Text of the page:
If a group of scientists were attempting to design the perfect band in a lab, and they added a heap of Alabama Shakes, a dash of Leon Bridges and a pinch of Benjamin Booker to their concoction, they’d probably produce something like Los Coast.
The Austin-based five-piece masterfully infuses pop sensibilities into its backbone of soul, funk and psychedelia to produce a sound that sounds both familiar and innovative all at once. Mixed Mantra sat down with the outfit around a bonfire after its recent show at Beauvoir Park in Baton Rouge, Louisiana, to discuss its origins, its upcoming tour (on which it’ll share the stage with the likes of Gary Clark Jr. and St. Paul & The Broken Bones) and more.
Los Coast is composed of Trey Privott on vocals and guitar, John Courtney on guitar and synth, Megan Hartman on bass, Natalie Alexandra on keys and Damien Eric on drums.
MIXED MANTRA: How did you like Beauvoir Park?
LOS COAST: This place is awesome. Amazing first stop for the tour.
MM: Are you excited about the tour?
LC: Yeah, it’s our first full tour. Just gotta get used to unloading and loading the van.
MM: What’s Los Coast’s origin story?
LC: We formed three-and-a-half years ago. We all kind of met individually through networks of people in Austin. Our friends are from different backgrounds and social groups. We were always intertwining. We eventually formed a crew out of all of the crews we brought together.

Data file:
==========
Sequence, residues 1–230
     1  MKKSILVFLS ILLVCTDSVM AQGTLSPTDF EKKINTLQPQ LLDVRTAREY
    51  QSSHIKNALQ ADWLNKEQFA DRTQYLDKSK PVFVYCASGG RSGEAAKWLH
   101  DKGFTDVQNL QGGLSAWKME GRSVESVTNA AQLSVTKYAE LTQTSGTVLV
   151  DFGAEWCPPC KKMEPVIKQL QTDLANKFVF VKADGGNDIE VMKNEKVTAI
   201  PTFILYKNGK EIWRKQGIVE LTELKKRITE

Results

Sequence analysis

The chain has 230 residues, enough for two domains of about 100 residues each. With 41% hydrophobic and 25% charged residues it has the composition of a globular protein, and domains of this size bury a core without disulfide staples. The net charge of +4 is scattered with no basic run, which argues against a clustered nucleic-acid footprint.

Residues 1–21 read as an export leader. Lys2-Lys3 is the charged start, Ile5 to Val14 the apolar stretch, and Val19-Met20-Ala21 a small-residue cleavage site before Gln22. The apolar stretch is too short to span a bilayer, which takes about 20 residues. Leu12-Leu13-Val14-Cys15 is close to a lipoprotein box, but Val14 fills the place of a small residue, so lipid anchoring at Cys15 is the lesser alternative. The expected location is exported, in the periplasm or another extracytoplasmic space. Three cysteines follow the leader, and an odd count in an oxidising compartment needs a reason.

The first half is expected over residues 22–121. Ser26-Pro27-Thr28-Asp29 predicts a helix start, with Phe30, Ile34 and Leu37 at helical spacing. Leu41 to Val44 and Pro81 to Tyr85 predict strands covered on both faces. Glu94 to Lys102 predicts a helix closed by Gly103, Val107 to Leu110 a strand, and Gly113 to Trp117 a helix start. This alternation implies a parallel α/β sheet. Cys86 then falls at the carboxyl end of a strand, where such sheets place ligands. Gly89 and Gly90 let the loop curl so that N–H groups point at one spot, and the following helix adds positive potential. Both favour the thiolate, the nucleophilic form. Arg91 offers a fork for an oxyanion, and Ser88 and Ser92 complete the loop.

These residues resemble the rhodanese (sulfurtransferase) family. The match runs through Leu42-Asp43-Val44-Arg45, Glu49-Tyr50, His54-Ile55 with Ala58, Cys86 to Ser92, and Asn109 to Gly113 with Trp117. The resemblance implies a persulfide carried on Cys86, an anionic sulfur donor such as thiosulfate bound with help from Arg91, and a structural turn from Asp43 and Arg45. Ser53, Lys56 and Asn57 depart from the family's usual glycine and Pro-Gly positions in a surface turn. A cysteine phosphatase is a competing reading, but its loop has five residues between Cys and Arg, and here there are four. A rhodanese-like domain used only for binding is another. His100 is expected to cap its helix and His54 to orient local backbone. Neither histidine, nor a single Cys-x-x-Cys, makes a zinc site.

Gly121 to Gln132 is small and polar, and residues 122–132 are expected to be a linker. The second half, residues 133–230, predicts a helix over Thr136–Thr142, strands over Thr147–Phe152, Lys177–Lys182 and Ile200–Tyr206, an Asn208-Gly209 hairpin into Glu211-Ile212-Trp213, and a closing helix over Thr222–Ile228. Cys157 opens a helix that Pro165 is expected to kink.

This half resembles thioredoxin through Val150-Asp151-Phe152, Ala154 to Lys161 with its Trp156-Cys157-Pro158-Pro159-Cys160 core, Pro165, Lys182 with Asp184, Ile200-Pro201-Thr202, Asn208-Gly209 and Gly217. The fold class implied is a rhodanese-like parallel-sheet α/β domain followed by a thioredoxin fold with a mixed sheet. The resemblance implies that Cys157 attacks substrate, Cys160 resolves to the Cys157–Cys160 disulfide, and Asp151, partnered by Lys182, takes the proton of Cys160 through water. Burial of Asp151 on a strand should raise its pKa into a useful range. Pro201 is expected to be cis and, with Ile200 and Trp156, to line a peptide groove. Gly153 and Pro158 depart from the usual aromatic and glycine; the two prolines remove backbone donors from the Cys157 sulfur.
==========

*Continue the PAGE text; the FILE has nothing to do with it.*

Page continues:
MM: Have the band members changed at all?
LC: No, we haven’t changed at all. We’ve been through some shit.
MM: When’s your album dropping?
LC: Our record Samsara drops in June. Samsara is the phase before nirvana.
MM: How did your sound come to be?
LC: I [Courtney] listened to a lot of live albums as a kid. I like to think that band chose that show [to record] for a reason, and I want all of my shows to be like that.
MM: Is it hard booking shows and tours?
LC: Our talent agency, Paradigm, takes care of all of that.
MM: Do your guitar players ever clash?
LC: We play best when we pay attention to each other. One thing I [Courtney] noticed about Trey is that he has a certain communication to his playing. I can play a riff at him for a minute and he’ll play it back at me. We’re both tone geeks and Trey’s tone is really unique. We both chase that sonic-type sound, so, essentially, we have a shit-ton of guitar pedals.